• Any new treatment for negative dysphotopsia?


    Question:

    Are there any new, proven treatments for negative dysphotopsia (a dark crescent-like area usually in the temporal visual field after cataract surgery)?


    Answer:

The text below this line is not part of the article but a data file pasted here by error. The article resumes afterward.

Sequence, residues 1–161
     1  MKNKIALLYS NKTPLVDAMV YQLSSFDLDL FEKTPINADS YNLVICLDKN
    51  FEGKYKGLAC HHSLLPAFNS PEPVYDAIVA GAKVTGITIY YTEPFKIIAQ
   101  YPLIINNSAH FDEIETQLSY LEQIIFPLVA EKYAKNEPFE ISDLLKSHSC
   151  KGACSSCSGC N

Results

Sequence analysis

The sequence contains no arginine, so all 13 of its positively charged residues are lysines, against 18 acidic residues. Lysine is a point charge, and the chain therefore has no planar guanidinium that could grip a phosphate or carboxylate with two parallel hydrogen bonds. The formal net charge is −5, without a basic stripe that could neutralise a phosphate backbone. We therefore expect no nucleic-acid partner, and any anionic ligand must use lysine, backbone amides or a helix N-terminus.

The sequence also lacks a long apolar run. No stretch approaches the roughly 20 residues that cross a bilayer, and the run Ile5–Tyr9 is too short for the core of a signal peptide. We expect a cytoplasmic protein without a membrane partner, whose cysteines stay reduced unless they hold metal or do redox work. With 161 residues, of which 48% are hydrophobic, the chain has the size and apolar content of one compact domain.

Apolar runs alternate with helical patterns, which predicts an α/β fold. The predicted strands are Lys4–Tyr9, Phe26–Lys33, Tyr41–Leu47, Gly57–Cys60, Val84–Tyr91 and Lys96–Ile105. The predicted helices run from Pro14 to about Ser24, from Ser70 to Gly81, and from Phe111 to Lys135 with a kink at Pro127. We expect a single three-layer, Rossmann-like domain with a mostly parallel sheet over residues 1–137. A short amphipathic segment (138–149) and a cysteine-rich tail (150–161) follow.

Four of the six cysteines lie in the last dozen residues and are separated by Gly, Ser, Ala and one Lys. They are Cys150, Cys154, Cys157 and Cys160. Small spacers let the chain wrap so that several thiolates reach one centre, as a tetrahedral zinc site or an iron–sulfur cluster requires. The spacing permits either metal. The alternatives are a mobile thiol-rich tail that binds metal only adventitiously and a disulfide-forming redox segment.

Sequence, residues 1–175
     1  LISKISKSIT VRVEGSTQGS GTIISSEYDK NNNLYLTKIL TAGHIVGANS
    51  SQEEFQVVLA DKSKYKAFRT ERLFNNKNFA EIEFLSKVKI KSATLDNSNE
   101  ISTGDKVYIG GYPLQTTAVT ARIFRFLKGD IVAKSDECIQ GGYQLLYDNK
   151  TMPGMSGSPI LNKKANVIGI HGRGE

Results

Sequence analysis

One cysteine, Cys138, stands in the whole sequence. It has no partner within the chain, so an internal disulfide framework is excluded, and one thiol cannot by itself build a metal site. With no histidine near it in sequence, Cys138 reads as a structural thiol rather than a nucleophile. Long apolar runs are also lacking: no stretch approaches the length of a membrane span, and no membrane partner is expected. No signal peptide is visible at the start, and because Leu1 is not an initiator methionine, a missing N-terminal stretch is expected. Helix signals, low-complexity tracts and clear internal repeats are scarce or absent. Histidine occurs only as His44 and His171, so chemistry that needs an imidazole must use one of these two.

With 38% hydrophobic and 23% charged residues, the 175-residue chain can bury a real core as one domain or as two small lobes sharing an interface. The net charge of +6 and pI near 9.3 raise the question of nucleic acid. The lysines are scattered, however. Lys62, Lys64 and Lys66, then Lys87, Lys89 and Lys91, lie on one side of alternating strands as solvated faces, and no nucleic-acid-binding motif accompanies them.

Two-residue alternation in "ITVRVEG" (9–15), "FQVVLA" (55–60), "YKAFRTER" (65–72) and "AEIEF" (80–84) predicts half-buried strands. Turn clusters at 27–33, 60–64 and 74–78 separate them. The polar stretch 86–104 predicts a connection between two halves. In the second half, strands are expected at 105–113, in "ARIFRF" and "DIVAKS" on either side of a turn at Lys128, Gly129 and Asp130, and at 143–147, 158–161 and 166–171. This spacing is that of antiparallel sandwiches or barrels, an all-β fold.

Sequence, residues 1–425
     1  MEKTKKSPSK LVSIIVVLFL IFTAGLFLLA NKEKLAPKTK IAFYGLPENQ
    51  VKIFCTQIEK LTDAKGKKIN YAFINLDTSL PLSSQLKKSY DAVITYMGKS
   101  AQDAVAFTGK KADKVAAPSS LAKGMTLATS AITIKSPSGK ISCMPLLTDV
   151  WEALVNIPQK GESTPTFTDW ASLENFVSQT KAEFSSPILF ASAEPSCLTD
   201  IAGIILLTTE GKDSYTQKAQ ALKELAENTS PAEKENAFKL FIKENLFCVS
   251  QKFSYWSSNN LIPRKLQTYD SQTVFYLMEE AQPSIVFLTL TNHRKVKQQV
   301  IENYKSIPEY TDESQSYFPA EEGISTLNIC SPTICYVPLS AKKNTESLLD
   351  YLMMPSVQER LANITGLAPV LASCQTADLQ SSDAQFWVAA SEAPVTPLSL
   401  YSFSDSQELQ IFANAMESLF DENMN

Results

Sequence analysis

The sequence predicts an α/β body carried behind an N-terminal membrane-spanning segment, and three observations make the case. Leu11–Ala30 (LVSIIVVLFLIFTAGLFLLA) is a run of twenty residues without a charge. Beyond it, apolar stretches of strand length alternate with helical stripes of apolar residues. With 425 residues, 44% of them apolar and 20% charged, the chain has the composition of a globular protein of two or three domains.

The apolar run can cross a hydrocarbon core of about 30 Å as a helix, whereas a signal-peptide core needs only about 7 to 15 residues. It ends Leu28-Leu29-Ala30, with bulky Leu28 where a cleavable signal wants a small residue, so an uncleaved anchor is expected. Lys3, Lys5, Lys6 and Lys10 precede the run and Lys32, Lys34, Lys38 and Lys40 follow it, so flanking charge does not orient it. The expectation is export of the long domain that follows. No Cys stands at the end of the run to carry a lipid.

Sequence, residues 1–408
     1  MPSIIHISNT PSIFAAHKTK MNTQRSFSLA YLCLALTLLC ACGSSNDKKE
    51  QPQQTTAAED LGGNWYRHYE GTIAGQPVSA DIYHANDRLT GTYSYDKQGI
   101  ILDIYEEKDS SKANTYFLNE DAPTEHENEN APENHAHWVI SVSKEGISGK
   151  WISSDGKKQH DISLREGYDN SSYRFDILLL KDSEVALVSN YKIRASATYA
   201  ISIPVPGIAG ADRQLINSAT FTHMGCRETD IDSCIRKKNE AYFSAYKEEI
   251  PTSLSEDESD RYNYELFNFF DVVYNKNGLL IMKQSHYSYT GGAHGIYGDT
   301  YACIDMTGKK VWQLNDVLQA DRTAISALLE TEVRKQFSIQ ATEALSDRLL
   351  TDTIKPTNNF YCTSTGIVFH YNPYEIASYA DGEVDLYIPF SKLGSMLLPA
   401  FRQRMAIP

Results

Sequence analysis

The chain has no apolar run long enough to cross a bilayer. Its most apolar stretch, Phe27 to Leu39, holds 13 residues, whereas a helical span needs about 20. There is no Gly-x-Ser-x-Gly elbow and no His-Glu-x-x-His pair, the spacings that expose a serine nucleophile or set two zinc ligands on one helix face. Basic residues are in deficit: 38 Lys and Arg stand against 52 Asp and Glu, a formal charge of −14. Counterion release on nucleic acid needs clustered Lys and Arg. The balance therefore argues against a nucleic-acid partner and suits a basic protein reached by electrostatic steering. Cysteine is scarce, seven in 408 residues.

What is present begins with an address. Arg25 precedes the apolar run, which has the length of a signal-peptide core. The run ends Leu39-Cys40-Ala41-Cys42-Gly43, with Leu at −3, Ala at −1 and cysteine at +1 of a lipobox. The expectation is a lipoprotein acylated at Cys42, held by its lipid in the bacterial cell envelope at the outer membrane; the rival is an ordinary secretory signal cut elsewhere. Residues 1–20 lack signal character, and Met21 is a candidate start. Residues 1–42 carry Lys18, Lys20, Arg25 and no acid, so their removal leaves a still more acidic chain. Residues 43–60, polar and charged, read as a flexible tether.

The causes of negative dysphotopsia are not fully known but are suspected to be a result of the edge of the intraocular lens. This can happen with any type of intraocular lens and there is no way to predict its occurrence. Oftentimes the symptom will gradually resolve over months. It is uncommon for this symptom to continue to be bothersome indefinitely. However, if after a minimum of six months to one year a patient is persistently bothered by this symptom, then treatment may be considered. Dr. Sam Masket has reported that putting an additional intraocular lens in front of the implant that is already there can alleviate this symptom. Exchanging the intraocular lens can also be done but since this symptom can occur with any type of IOL, that is not the preferred treatment.


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